11. In a matter on similar facts titled as Krishna Shipping Agency Vs. C.C. (Airport & Admin.), Kolkata reported in 2017 (348) E.L.T. 502 (Tri.-Kolkata) 2017-TIOL-428-CESTAT-KOL , in which after differing with the inquiry report the Adjudicating Authority held CHA ‘guilty’ and revoked its license, a coordinate Bench of the Tribunal at Kolkata allowed the Appeal filed by CHA and held as under:-

“As per the above regulation appellant is required to verity the antecedents of his clients and suitably advise them. It is observed that at no stage appellant had the knowledge that there is any irregularity in the export/import consignments. The goods imported were put to first check examination and the importer very well exists. Similarly the export consignment was received in a sealed container duly examined and certified by the jurisdictional Central Excise authorities. The exporter is also existing. Bills of entry and shipping bill were filed by the appellants based on the documents furnished by the importer/exporter. If there was any irregularity in the documents then the same was also available before the assessing officers and the Customs examining officer. If the same could not be detected by the appellant the same also could not be detected by departmental assessing/examining officers. There is no evidence on record that appellant came to know of any irregularity before the same were detected by the department or that he did not advise the concerned clients. Appellant was also exonerated by the departmental inquiry officer. It is also observed that the points of difference from the Inquiry report are not so glaring to justify revocation of CHA license as held by the adjudicating authority. The whole spirit of obligation of the CHA under the CHALR is to establish the indentity of the importer/exporter and appropriately advise his clients which in the present proceedings are existing and reasonable steps were taken by the appellant to comply with Regulations 13(a), (d) and (o) of CHALR. Accordingly appeal filed by the appellant is allowed by setting aside OIO dated 21-1-2015 passed by the adjudicating authority.”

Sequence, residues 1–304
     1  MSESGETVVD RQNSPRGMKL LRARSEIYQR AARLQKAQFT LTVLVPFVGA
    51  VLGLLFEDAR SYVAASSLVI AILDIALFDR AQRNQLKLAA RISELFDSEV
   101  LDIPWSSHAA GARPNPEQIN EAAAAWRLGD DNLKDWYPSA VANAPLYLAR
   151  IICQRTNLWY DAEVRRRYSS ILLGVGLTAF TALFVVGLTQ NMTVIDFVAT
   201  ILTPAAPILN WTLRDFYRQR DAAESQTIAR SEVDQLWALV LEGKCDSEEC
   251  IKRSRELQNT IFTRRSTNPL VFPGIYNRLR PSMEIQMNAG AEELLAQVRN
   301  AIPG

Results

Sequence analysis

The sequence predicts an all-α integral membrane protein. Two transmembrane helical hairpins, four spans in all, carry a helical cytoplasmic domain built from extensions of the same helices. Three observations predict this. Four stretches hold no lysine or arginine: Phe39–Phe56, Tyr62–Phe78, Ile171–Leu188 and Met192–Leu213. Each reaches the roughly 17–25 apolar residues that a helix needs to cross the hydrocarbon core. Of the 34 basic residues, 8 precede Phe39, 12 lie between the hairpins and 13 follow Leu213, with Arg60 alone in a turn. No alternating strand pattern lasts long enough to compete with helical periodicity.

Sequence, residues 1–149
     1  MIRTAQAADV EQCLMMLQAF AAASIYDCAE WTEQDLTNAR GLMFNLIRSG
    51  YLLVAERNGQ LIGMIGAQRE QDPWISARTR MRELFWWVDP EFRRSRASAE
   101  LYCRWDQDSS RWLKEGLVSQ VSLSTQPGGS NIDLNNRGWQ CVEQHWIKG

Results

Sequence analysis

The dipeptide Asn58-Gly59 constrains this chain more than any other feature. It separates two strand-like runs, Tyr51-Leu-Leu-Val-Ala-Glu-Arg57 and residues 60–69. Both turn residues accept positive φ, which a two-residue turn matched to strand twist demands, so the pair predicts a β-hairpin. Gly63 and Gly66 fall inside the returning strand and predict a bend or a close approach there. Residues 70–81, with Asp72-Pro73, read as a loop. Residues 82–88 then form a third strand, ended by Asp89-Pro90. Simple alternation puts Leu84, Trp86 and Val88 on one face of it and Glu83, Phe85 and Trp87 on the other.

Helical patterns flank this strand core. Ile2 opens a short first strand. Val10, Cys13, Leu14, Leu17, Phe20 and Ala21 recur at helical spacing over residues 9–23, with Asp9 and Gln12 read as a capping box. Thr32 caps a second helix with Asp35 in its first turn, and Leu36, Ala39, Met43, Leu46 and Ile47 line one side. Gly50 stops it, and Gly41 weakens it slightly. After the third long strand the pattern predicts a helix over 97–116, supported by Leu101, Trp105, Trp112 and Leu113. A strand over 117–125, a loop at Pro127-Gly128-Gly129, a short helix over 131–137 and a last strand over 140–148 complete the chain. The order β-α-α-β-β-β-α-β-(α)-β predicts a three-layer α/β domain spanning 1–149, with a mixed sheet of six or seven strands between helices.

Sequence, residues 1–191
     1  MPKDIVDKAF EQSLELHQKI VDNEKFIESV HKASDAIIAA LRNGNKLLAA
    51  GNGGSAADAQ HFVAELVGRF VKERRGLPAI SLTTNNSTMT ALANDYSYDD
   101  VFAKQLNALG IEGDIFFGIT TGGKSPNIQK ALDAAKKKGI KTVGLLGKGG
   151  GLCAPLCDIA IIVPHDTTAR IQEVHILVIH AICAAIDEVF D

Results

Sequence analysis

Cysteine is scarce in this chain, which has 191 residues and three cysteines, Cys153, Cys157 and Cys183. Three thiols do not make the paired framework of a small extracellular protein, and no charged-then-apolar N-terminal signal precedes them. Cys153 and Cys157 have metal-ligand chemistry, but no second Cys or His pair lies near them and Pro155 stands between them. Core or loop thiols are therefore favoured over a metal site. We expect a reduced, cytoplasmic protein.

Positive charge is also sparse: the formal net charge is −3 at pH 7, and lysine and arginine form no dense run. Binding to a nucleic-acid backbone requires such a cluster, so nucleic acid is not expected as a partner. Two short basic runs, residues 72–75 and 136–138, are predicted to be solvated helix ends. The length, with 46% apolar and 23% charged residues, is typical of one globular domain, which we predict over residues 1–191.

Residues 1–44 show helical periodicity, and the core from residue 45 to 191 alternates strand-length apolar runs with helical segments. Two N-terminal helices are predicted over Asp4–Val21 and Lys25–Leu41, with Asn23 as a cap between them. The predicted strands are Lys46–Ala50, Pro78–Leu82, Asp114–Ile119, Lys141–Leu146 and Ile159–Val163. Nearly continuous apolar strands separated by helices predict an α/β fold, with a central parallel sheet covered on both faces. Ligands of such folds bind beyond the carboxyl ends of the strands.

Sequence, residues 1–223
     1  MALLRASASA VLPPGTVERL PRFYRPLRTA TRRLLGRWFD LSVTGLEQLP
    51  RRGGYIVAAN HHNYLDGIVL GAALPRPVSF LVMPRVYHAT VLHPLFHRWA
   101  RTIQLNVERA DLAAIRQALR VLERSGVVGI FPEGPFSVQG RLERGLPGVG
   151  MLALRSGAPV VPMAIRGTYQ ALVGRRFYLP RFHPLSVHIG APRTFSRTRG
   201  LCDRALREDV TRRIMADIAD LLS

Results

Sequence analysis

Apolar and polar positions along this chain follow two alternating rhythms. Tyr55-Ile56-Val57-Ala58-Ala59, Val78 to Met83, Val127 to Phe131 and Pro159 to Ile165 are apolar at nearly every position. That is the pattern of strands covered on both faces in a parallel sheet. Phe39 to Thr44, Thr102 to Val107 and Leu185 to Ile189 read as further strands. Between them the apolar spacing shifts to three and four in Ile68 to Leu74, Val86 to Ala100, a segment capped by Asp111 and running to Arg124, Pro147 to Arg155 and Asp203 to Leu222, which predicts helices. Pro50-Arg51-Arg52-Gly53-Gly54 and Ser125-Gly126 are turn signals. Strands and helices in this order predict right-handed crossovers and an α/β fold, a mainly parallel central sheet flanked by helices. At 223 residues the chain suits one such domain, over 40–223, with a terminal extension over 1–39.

12. In view of the above, the Appeal filed by the Appellant is allowed, with consequential relief, if any.

(Pronounced in Court on 08.01.2019)